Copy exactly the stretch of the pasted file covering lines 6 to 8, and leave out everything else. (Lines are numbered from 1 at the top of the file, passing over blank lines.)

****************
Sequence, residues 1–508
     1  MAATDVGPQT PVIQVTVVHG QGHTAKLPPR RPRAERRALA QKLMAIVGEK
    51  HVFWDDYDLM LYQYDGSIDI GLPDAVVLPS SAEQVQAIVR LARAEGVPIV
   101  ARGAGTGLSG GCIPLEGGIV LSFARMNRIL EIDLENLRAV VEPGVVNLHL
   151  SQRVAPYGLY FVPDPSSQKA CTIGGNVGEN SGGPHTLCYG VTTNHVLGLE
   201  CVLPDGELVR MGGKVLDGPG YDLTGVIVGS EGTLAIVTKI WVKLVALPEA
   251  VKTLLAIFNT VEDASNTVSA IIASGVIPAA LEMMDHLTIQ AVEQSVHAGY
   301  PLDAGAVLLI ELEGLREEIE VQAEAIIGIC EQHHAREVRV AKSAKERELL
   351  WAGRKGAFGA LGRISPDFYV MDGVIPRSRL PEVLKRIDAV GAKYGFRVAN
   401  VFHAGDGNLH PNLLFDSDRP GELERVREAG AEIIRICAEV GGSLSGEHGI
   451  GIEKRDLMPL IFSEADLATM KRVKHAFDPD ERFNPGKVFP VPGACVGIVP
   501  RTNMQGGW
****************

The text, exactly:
   201  CVLPDGELVR MGGKVLDGPG YDLTGVIVGS EGTLAIVTKI WVKLVALPEA
   251  VKTLLAIFNT VEDASNTVSA IIASGVIPAA LEMMDHLTIQ AVEQSVHAGY
   301  PLDAGAVLLI ELEGLREEIE VQAEAIIGIC EQHHAREVRV AKSAKERELL